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Chinese authorities ask booksellers to ban Japanese works

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(Read caption) Japanese books – including the bestselling '1Q84' by Haruki Murakami – have been removed from Beijing bookstores.

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A territorial dispute between China and Japan has escalated into a contentious trade war of sorts in which an unlikely armament – books – have become the weapon of choice.

Chinese authorities are asking booksellers in Beijing to ban books by Japanese authors and titles about Japanese topics as well as pressuring Chinese publishers not to translate and publish Japanese content in response to a tense territorial row between the countries.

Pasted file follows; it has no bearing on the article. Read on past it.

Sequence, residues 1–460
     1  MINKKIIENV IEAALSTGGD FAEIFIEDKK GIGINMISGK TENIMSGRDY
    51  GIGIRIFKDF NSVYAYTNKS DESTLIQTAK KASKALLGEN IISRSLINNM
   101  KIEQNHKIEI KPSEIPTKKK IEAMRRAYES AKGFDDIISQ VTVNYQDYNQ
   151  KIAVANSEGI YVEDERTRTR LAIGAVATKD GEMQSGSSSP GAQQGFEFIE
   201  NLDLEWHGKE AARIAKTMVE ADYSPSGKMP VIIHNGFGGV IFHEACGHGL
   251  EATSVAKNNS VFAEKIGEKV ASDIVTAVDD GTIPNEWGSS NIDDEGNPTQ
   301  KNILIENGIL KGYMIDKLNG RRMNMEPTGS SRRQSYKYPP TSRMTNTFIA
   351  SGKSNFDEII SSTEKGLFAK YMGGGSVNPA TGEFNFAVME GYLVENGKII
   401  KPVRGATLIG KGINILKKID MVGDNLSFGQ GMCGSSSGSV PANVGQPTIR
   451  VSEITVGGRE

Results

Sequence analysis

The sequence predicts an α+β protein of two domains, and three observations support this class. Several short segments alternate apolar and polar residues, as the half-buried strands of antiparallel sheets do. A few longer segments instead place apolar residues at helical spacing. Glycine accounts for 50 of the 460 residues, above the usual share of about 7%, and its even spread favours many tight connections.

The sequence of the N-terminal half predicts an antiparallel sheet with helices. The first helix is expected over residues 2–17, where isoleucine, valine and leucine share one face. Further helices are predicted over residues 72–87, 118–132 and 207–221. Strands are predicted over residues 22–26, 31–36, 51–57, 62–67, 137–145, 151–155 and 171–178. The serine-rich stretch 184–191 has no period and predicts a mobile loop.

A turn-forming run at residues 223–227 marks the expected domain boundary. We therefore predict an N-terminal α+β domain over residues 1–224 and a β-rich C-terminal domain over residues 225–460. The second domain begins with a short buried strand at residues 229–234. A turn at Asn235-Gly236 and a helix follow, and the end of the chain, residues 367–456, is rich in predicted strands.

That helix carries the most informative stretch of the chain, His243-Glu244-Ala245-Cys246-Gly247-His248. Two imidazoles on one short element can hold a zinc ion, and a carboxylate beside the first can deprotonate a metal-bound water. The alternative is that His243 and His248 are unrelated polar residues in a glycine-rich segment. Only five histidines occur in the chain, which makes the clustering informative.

Tensions between Japan and China escalated last week after the Japanese government nationalized the Senkaku Islands, known as Diaoyu in China. The countries have been embroiled in a bitter dispute over the ownership of this string of small islands off China’s eastern coast, and Tokyo’s decision to nationalize the islands further heightened tensions. The move sparked protests in China, directed toward Japanese citizens living there, Japanese businesses, even Japanese diplomatic offices. Anti-Japan protestors damaged Japanese plants and dealerships including Panasonic Corp., Toyota Motor Corp., Nissan Motor Corp., and Honda Motor Corp., according to the Japan Times.

Now, the dispute has taken a new turn, and the target is books. According to the Japan Times, Chinese publishers in Beijing were told by authorities to “halt the planned publication of books written by Japanese or protected by Japanese copyrights, and books related to Japan that are being written by Chinese authors.”

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